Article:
Poetic Meter and Musical Form in Tashlhiyt Berber Songs

Poetic Meter and Musical Form in Tashlhiyt Berber Songs

ISBN 978-3-89645-398-3

Poetic Meter and Musical Form in Tashlhiyt Berber Songs

Author: François Dell, Mohamed Elmedlaoui. Series edited by: Harry Stroomer.

Series: Berber Studies Volume 19

8 pp. Roman, 274 pp.
complete transcriptions of 9 songs, numerous musical notations, scansions and charts, 4 graphs, 3 tables, index, appendix, 1 CD-ROM enclosed with song samples and 9 complete songs (incl. free software application “Audacity” Release 2008)
Text language(s): English
Format: 170 x 240 mm
480 g
€ 59.80

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The present book deals with the metrical form of texts in the songs of the Tashlhiyt Berber. Tashlhiyt Berber is a language of western Morocco spoken by around five million people. The Tashlhiyt Berber singing tradition uses a wide array of different meters. The authors encountered over a hundred different meters, with length ranging between four to twenty syllables. They claim that these meters do not form a fixed list whose members are memorized one by one by native speakers. Rather, they are generated by a productive system which is analyzed here.

The authors’ starting point is the ground-breaking work on versification in Tashlhiyt Berber and Tamazight Berber by Hassan Jouad. His most important discovery about versification in these languages is that it is based on a distinction between heavy and light syllables, and that if two strings of words are built on the same meter, they have the same number of syllables, with heavy and light syllables arranged in the same order.

Whereas the best-studied meters in the world’s poetic traditions are periodic, that is, built up from successive repetitions of the same pattern, Tashlhiyt Berber meters are apparently aperiodic. Nevertheless, the authors argue that a subset of these meters have a four-mora periodicity.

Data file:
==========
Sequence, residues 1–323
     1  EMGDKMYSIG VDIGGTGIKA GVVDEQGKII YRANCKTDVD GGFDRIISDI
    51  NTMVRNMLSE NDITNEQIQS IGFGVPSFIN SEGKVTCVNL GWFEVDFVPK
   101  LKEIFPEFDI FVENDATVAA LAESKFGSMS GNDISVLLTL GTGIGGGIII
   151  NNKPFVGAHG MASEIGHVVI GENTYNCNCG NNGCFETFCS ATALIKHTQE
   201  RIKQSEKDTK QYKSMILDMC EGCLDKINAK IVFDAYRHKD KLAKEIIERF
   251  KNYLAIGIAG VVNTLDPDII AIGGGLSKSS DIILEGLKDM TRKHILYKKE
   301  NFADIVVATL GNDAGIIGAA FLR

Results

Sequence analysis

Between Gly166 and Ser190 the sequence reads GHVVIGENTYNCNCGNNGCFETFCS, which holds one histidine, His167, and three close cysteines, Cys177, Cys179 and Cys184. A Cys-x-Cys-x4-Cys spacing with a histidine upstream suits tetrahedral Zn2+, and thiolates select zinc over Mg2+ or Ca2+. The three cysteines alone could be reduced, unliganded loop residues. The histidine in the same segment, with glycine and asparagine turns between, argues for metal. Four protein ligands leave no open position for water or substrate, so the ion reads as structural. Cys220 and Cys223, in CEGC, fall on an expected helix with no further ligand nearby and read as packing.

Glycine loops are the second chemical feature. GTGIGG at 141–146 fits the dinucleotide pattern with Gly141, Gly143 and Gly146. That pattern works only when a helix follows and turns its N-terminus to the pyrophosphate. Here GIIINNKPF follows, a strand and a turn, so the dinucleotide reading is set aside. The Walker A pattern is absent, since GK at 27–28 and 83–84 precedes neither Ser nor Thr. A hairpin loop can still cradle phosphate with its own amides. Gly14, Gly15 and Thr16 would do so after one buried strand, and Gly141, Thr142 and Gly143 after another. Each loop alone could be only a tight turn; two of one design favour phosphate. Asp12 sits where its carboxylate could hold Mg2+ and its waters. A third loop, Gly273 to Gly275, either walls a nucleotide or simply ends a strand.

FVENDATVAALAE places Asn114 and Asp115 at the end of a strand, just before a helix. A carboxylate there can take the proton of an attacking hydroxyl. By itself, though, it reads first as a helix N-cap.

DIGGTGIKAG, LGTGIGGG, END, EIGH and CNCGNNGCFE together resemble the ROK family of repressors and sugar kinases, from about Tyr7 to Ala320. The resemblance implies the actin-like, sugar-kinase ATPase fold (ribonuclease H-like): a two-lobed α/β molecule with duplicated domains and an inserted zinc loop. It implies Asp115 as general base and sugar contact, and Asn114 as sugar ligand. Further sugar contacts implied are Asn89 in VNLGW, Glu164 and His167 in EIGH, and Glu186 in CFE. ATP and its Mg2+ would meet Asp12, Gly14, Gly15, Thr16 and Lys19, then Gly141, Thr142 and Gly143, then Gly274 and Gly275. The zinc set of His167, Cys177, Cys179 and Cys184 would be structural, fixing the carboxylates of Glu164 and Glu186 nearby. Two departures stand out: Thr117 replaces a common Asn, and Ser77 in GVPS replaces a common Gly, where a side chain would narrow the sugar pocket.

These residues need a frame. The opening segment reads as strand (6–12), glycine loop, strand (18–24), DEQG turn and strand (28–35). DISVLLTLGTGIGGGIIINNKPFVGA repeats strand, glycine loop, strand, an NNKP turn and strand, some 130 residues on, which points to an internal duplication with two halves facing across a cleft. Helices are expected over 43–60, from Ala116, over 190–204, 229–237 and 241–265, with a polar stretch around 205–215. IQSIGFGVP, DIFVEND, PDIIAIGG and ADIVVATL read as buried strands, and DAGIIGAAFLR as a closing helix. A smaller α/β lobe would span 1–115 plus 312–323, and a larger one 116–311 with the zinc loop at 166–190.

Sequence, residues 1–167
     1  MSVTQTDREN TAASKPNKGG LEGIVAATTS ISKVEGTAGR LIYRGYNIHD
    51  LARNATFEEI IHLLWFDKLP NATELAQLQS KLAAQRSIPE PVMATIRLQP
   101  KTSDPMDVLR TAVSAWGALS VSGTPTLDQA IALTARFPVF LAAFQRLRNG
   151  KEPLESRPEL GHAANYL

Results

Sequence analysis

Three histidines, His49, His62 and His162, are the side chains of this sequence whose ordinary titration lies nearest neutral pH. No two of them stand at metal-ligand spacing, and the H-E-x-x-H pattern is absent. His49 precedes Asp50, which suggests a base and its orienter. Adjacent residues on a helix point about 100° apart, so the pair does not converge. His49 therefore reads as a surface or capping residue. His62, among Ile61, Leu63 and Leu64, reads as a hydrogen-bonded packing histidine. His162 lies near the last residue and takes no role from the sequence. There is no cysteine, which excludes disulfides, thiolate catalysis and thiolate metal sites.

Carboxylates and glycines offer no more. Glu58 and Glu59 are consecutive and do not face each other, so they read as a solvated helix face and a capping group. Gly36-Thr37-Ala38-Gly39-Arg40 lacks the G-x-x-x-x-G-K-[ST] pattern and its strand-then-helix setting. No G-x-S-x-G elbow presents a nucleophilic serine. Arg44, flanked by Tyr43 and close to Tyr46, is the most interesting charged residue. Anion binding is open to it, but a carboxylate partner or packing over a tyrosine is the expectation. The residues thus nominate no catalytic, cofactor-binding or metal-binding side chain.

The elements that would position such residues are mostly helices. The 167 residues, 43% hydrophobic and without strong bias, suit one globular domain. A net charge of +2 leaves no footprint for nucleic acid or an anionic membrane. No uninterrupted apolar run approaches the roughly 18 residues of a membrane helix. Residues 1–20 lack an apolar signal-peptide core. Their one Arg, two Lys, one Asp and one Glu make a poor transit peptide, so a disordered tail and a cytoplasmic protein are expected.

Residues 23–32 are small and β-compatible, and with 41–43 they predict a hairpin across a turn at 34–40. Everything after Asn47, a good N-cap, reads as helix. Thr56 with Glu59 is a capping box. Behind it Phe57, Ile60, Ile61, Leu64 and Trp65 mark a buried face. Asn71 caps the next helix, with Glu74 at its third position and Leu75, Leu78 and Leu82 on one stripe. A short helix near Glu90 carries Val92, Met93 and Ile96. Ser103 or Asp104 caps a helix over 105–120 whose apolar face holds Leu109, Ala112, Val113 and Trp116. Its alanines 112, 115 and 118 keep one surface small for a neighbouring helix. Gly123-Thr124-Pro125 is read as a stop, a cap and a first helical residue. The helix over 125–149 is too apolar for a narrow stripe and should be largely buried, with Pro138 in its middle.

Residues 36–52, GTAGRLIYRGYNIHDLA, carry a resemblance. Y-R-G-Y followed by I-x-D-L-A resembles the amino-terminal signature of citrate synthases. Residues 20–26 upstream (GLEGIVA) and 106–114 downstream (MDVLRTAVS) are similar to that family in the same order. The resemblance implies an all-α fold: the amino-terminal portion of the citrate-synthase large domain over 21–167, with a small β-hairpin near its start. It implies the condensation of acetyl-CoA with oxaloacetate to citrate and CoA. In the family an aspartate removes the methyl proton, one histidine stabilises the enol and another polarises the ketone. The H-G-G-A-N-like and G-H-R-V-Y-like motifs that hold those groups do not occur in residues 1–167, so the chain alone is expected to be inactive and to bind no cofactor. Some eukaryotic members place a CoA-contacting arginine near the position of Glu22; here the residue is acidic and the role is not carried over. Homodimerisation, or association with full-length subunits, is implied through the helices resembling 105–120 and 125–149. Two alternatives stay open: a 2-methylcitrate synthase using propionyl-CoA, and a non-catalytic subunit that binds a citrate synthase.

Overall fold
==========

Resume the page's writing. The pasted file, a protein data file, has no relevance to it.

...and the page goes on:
The first chapters of the book deal with basic notions on texts and tunes and with foot structure; they present the outlined meter system and define ‘straight’ meters and their alignment with the musical beats in the songs. The following chapters address general issues like the division of verse into successive syllabification domains, text settings at the syllable level and below, and levels of representation for the correspondence between text and tune in singing. The book contains complete transcriptions of nine Tashlhiyt Berber songs.

The accompanying CD-ROM includes recordings of all these songs. Additionally, the CD-ROM contains the free software application Audacity which displays annotated sound waves for all the songs. The labelling allows readers to easily locate any line or portion of a song and play it repeatedly.

Accompanying material:



“Poetic meter and musical form in Tashlhiyt Berber songs” […] is an excellent case study on how words are set to music and thus deals with a research area at the interface between phonology and music […] A major finding of François Dell & Mohamed Elmedlaoui’s book is that metrical structure exists independent of musical structure in these songs. The authors find discrepancies between lineation and musical groupings, showing that division of a song text into lines is not a by-product of grouping structure in the musical domain.

Myfany Turpin in Journal of Linguistics, 45/2009, 216-221

Despite the book’s highly technical prose, two peasurable components render it accessible to the non-linguist: the transcribed, transliterated, and translated sung poems themselves and the audio CD included with the book. The CD contains the chapter examples and the several songs transcribed in the appendices. In some of the song texts themselves the poets elaborate on the creative process of composing verse, using metaphors of masonry and carpentry to characterize the way words, meter, and tune must fit together to render a song successful. In others, the reader gets a glimpse into Berber/Amazigh culture, migration, longing, and other key themes in verbal culture in southwestern Morocco. The text is greatly enriched by this audio component.

Katherine E. Hoffman in the world of music, 51/3, 2009, 187-189

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